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This Bed is Just Right by Rebecca Danzenbaker

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This Bed Is Just Right by Rebecca Danzenbaker  Photography

I recently discovered a delightful photographer, Rebecca Danzenbaker. We’re both Zenfolio users and I saw her site featured in the Zenfolio examples. (Her site, by the way—check it out.) Becky gladly gave me a bit of advise on how to customize my site and I gave her some textures to try out. I love it when artists share resources. Becky shows she’s a kindred spirit in this lovely blog post. (Thanks for the link luv, too!)

Becky took a rather strong, deep colored texture, Fantin Edged from the French Kiss Texture Collection II and used it to add a delicate touch of sweet textured tones with a whimsical painterly spot. This is rockin’ texture work—bending a texture to your vision!

Fantin Edged

Rebecca Explains Her Process

I Applied Fantin Edge in Overlay Mode and adjusted the layer to 75% opacity.

Using a soft round paint brush, I selected a color of the texture at the approximate location of the middle of the baby’s face, then painted over the baby’s skin directly on the texture layer to remove the textured look from his skin, while preserving the warmth of the texture itself.
Finally, I added a levels adjustment to bring in some more of the mid-tones of the texture.

Editor’s note: That works great! Here’s another way, first use a layer mask on the texture to block the texture, then on a layer above the texture, set the blend mode to match the texture—in this case Overlay— paint in the color on that layer. I had best results applying that painted layer as a clipping mask to the texture.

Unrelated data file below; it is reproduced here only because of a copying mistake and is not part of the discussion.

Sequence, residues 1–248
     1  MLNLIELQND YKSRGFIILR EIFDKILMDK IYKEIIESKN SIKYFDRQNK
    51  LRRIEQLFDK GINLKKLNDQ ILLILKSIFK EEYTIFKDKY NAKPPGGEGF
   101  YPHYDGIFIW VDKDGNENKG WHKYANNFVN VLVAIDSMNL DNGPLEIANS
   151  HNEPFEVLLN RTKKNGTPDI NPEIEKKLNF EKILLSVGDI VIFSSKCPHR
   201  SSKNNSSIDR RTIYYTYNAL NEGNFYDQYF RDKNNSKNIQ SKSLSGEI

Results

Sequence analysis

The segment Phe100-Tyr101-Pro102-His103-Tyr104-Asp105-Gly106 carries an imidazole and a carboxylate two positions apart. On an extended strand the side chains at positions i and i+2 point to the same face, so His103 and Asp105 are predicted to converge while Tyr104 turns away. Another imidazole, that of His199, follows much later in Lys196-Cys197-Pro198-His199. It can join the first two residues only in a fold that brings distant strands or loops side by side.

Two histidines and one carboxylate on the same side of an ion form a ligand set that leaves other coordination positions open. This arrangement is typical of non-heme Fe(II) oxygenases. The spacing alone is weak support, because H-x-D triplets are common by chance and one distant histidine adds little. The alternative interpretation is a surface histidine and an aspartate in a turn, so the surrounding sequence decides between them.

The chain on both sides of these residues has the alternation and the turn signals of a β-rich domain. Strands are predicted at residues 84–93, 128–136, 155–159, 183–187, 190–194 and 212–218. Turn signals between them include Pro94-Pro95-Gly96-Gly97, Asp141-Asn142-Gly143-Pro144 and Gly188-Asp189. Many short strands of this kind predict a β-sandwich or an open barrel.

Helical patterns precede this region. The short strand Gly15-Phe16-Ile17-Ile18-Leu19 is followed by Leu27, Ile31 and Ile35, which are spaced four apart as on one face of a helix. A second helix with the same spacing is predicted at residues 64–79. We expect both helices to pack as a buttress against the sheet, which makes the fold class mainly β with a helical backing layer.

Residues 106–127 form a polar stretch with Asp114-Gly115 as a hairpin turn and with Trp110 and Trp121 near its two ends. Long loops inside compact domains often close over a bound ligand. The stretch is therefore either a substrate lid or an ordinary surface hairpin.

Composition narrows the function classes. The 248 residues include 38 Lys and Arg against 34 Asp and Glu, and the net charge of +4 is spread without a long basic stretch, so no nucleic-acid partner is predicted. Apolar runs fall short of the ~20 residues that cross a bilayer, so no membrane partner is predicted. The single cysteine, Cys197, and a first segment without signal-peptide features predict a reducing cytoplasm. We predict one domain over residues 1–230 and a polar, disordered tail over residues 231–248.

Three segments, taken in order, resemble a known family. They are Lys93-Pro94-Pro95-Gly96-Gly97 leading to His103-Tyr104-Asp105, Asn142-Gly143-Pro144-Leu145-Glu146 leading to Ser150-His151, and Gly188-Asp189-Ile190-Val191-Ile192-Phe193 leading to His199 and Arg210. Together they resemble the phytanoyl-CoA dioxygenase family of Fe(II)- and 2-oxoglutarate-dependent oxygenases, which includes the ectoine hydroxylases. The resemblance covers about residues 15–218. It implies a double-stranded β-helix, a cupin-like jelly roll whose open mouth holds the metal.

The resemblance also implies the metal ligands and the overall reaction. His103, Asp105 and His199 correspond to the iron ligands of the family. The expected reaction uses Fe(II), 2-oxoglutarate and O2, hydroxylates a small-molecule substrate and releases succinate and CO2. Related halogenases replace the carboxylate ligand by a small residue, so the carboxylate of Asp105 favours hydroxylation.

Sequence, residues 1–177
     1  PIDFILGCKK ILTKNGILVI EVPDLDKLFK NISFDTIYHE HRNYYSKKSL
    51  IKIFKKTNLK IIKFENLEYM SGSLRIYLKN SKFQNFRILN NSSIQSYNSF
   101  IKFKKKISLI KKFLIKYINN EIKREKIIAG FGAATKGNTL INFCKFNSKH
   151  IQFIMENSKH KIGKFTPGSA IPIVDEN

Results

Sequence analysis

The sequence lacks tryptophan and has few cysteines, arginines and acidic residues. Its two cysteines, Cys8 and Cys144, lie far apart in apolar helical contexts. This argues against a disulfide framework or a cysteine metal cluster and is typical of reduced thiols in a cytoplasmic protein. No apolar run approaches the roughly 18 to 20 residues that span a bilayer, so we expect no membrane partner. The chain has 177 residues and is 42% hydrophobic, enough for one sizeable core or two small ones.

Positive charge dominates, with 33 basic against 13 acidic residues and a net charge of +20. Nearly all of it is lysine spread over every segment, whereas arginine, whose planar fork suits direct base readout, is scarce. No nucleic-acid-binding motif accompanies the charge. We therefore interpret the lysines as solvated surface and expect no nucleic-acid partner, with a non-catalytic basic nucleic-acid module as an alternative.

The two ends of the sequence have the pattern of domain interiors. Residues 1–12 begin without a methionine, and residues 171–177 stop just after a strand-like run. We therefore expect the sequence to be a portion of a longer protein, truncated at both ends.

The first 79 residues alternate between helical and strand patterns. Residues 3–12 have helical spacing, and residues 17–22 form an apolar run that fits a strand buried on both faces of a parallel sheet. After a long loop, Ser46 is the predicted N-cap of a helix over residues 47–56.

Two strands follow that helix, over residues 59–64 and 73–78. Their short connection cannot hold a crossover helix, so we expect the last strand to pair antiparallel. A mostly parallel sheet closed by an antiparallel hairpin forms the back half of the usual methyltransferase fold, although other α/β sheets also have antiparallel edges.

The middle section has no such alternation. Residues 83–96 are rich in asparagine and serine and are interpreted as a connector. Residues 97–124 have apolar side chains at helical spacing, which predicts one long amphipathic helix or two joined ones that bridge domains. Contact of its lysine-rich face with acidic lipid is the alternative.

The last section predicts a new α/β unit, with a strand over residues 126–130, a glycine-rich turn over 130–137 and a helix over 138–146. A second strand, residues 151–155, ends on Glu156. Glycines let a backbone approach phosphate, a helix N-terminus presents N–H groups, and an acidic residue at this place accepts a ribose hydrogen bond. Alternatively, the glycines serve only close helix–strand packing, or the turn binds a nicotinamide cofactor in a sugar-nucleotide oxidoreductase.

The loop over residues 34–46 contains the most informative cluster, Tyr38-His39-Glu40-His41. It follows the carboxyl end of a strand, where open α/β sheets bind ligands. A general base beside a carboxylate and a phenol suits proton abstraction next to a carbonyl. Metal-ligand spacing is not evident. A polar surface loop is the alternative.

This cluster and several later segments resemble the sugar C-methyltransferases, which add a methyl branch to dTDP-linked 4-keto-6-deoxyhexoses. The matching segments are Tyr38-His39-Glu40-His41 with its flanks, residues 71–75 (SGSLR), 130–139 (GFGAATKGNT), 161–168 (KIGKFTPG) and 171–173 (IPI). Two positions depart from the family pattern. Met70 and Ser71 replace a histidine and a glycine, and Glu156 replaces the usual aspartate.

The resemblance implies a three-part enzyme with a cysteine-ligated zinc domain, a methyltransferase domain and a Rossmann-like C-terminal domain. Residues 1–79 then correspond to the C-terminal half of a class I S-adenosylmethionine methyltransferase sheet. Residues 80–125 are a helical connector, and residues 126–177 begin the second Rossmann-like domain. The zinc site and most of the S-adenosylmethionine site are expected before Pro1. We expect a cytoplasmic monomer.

Find More of Rebecca’s work

P.S. If you’re interested in using Zenfolio – take $5 off with this coupon code: 1D8-1F8-VFW. Yep, I’ll also get a little commission if you do.

Textures II

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2 Responses to This Bed is Just Right by Rebecca Danzenbaker

  1. Kandace June 3, 2014 at 11:34 pm #

    I tried Rebecca’s way but that didn’t work. Quote: “Using a soft round paint brush, I selected a color of the texture at the approximate location of the middle of the baby’s face, then painted over the baby’s skin directly on the texture layer to remove the textured look from his skin, while preserving the warmth of the texture itself.” Did she add a mask first? What was the opacity of the brush? Did she paint on the texture or mask? I could not get that to work.

    2nd: After blocking the texture, do you duplicate the layer or just add a new layer above the textured layer?

    Thanks, Kandace

    • Leslie Nicole June 20, 2014 at 5:58 pm #

      Hi Candace,
      She painted directly on the texture. Specific opacities of the brush would depend on the image and the effect you want. I think her opacity was close to 100% to get all the texture off. I hope to do another tutorial on this again. I’m not sure what you mean by blocking the texture?

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